Qur’an 9:3 – “…Allah and His Messenger are free from liability to the idolaters…”
Critics claim for the above verse that the pagan idolaters did nothing wrong and somehow Muhammed deceived them by breaking the ‘dissolution’. However, such baseless claims hold no weight when we read the verses before and after.
The verse in its historical context shows that there was a treaty between the Muslims and the pagans (v. 1) – two verses later (v. 3), the passage states that Allah and the Prophet are free from those who have broken the treaty i.e., there is no treaty with those who have broken it. There is nothing in the passage about deception. Actually, if we read the next verse (v. 4), it makes an exception for those pagans who kept to their treaty, meaning those who kept to their promise, Muslims must stay faithful to their treaty and leave them alone. Moreover, those who remained committed to their treaty are exempt from punishment (v. 5). For more on this verse, click on the following article which shows that it was the pagan Arabs who started hostilities against the Muslims.
Commentaries on Quran 9:3
The Holy Qur’an – Arabic Text With English Translation & Short Commentary – Malik Ghulam Farid
1153. Adhan means, notification, proclamation or call (Lane).
1153A. Greater Pilgrimage was so called because it was the first pilgrimage Performed under the control of the Muslims.
1154, Whereas in the preceding verse Bara’ah signifies a declaration of the vindication that the promises about the complete triumph of Islam had been fulfilled, in the present verse the word signifies ‘being clear of a person or a thing,’ i.e., having nothing to do with him or it(Lane). The declaration contained in this verse and the one that follows is different from that embodied in vv. 9:1, 2 relate to the vindication that the promises made to the idolaters by the Holy Prophet had been fulfilled, the present verse pertains to the severance of all connections with them. This severance of relations should not be taken to mean that the verse declares that Muslims were free from all treaty obligations; for, as the following verse makes it quite clear, treaties are to be respected in all cases and must not be violated.
On his return from Tabuk in the ninth year of the Hijrah, the Holy Prophet sent ‘Ali to Mecca, who, on the occasion of the Greater Pilgrimage, made, as his representive, a proclamation containing the announcement (1) ‘No idolater shall approach the Houses of God after this year. (2) Treaties and engagements made by the Holy Prophet with idolatrous tribes who had not made their submission shall stand and shall be faithfully respected till the end of their terms. But henceforth no idolater could stay in the Hijaz except those whom he had entered into a treaty or who had sought protection from him. The order was amply justified, not only by the persistently treacherous conduct of the idolatrous tribes and by repudiation on their part of solemn agreements, resorted to on a large scale when the Holy Prophet was absent from Medina on the Tabuk expedition (8:57), but also by other political and cultural considerations which demanded its promulgation. The Hijaz had now become the religious as well as the political centre of Islam, and its interests demanded that it should be purged of all foreign and harmful elements likely to endanger its integrity and prove dangerous to the nascent Muslims community.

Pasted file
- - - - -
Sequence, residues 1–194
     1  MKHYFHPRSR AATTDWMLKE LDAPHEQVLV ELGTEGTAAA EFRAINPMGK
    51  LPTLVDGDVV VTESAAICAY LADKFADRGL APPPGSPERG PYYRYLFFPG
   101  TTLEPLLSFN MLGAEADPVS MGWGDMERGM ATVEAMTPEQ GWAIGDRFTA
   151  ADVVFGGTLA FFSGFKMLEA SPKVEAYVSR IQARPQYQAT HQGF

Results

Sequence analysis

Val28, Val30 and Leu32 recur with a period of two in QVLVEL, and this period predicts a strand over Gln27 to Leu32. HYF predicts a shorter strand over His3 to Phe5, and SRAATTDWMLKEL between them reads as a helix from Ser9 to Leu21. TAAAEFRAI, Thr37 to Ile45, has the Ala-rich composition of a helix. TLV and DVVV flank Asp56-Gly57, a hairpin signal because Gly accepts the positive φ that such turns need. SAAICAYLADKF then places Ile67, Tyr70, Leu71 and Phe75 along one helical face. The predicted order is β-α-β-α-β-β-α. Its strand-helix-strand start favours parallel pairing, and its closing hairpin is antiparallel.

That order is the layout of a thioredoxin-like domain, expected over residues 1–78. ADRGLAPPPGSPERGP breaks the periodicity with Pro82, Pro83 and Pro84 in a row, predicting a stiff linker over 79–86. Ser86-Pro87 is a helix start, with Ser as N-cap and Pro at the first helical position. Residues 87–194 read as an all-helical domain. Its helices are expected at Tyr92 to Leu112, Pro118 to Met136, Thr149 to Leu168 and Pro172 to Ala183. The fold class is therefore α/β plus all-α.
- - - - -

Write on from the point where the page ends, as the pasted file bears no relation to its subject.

The Holy Quran – Arabic Text with English Translation, Commentary and comprehensive Introduction – Maulana Muhammad Ali
1a. This verse is to be read along with v. 4, which makes a clear exception in favour of those who did not fail in their agreements. It is a fact that the idolatrous tribes of Arabia broke their agreements with the Muslims again and again (8:56), yet the Muslims were enjoined to accept peace if the disbelievers consented to it, even after repeated violations (8:61). But this state of things could not continue long, for it was soon found that it was impossible to trust such neighbours. This repudiation of agreements took place on a large scale when the Muslims were absent on the Tabuk expedition. The first thirteen verses of this chapter were publicly proclaimed by Ali, on the occasion of the pilgrimage in the ninth year of the Hijrah, and the following announcements made as a result: (1) that no idolater shall approach the Sacred House after this; (2) that no one shall go naked round the Ka’bah (B. 65: ix, 3). The attitude of the tribes to whom this ultimatum was given through Ali is well indicated in their reply: ‘O Ali deliver this message to thy cousin (i.e. the Prophet), that we have thrown the agreements behind our backs, and there is no agreement between him and us except smiting with spears and striking with swords’ (Rz).
4a. Only two tribes, the Bani Damrah, and the Bani Kananah, are related to have adhered to their treaties. The exception given here makes it clear that the Muslims were not fighting with idolaters on account of their faith, but on account of their having been untrue to their engagements. 
 The Holy Qur’an – Arabic Text With English Translation & Short Commentary  By Malik Ghulam Farid page 376 – 377
 The Holy Quran – Arabic Text with English Translation, Commentary and comprehensive Introduction [Year 2002 Edition] by Maulana Muhammad Ali, Page 397 – 398